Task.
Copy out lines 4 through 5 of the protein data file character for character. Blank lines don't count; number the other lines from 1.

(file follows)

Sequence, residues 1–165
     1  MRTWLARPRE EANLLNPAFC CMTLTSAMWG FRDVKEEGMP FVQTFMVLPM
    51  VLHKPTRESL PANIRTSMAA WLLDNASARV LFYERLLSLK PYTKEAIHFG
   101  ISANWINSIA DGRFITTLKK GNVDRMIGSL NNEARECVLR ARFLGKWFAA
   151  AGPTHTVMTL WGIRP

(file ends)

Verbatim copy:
   101  ISANWINSIA DGRFITTLKK GNVDRMIGSL NNEARECVLR ARFLGKWFAA
   151  AGPTHTVMTL WGIRP